The Amazing Power of Mugwort

An article about moxa published in D&G green Handbook 2010

Artemisia vulgaris (mugwort) is a plant that grows in temperate climates across the Northern Hemisphere, often in tall clumps along roadsides and in waste places. Despite its ordinary appearance, this plant and its close relatives have remarkable medicinal properties and have been important in the herbal medicine of many cultures for thousands of years.

Mugwort leaves are whitish underneath due to many tiny hairs, which contain aromatic oils. Due to the therapeutic and antibacterial properties of the essential oils and tannins in the leaves, tinctures and topical applications have been used to treat many conditions including digestive problems, infections, fevers, sore throat and parasitic worms. The leaves are also used as insect repellent, and in ancient folklore were hung in doorways to ward off evil spirits.

Within Oriental Medicine, particularly in China, Korea and Japan, mugwort is used in a different way. Following a traditional process, the leaves are dried, ground and repeatedly sieved to remove fibrous material. Progressive stages of refinement and ageing provide different grades of a soft, fluffy substance called moxa.

Relatively unrefined, coarse moxa is a greenish colour and still contains some larger fibres. The purest Japanese grades, which can take up to 3 years to produce, are very fine textured and yellow, containing large amounts of essential oils.

When moxa is burnt it smoulders to release heat and volatile oils – this process, known as “moxibustion”, is done close to or directly on the skin to provide various therapeutic effects. Historical records going back to around 400BC suggest that moxibustion probably predates the development of acupuncture, but the two therapies have been used alongside each other for about 2,000 years. Moxa is still widely used in China and is an integral part of acupuncture practice for many practitioners in the UK.

There are many different ways of using moxa. Coarse moxa may be rolled in paper to form a cigar-like stick, which is lit and held above the skin to give a gentle radiating warmth, similar to an infra red lamp.

An inserted acupuncture needle can be heated
by fixing a malteser-sized ball of moxa to its handle. The heat from the burning moxa passes down the needle to warm up the deep tissues, providing relief for conditions such as back pain and sciatica. Another method of application is to burn a cone shaped piece of moxa on top of a slice of ginger or garlic that is placed on the skin. This provides heat from both the moxa and the ginger/garlic, and can be very useful in relieving pain and stiffness due to internal cold or stagnation.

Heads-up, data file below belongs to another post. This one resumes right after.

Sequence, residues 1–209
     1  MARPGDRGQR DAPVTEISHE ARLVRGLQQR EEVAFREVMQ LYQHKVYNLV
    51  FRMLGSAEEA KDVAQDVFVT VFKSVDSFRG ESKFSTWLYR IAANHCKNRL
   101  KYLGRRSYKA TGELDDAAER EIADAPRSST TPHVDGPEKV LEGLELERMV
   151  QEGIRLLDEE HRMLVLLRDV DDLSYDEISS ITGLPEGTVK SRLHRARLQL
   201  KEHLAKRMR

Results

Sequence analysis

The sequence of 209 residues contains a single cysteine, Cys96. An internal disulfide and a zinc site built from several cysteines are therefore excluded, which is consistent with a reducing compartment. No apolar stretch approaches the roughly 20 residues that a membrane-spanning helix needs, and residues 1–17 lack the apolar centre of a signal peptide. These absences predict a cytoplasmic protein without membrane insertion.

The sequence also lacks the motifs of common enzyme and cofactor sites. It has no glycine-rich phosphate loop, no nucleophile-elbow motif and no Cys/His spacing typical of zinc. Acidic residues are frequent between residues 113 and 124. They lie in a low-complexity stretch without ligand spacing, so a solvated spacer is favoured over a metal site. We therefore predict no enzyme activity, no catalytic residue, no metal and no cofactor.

In Japan the practice of burning pure grade moxa directly on the skin has been developed to a sophisticated level. This may sound a bit barbaric, but in fact when done correctly it need not be painful or cause burns. Once patients get used to the idea, most of them do not find it uncomfortable, and even enjoy it. In my treatments I often use small cones of moxa, placed on the skin and burnt only half way down. This gives a lovely feeling of deeply penetrating warmth, wonderful for any cold or tense areas of the body. Or I might use tiny pieces the size of a sesame seed, which burn down to a fine point. Applied regularly at appropriate places on the body, this can be very beneficial for circulation and general health and can relieve painful conditions like arthritis. Moxa has also been shown to have very specific effects – for example used on the little toe it can turn a breached baby.

Medical research in Japan has shown that tiny amounts of tissue injury caused by direct moxa can have immediate beneficial effects on the blood and immune system. Japanese moxa therapists use specific points on the body to treat a very wide range of conditions and to improve general health and stamina. Some dramatic claims are made for the benefits of moxa in old Japanese literature. The most extreme (and doubtless highly exaggerated) tells of farmer called Manpei, in the Edo period, who apparently lived to 243 years of age. When questioned by authorities about his longevity, he reported that he had no secret other than burning moxa on his leg every day, just like his ancestors. His wife reputedly lived to 242, and his son to 196, so it clearly was a healthy family obsession!

Much more recently, Dr Shimetaro Hara (1883-1991) was another proponent for regular moxa use, surviving to the age of 108. For the last few weeks of his life he held the official title of “oldest male in Japan”, for some years having practiced as the oldest practising physician in Japan (probably the world). Dr Hara was something of a moxa expert, and during the 1930s in Japan, before antibiotics were available, he used moxa to successfully treat many severe illnesses including TB. He also carried out the first experiments to find out how moxa was affecting the immune system. His work has inspired the foundation of a charity called Moxafrica, set up in 2008 by myself and a fellow acupuncturist Merlin Young. As acupuncturists we regularly use direct moxa in our clinics, and had first hand experience of how beneficial it can be toour patients.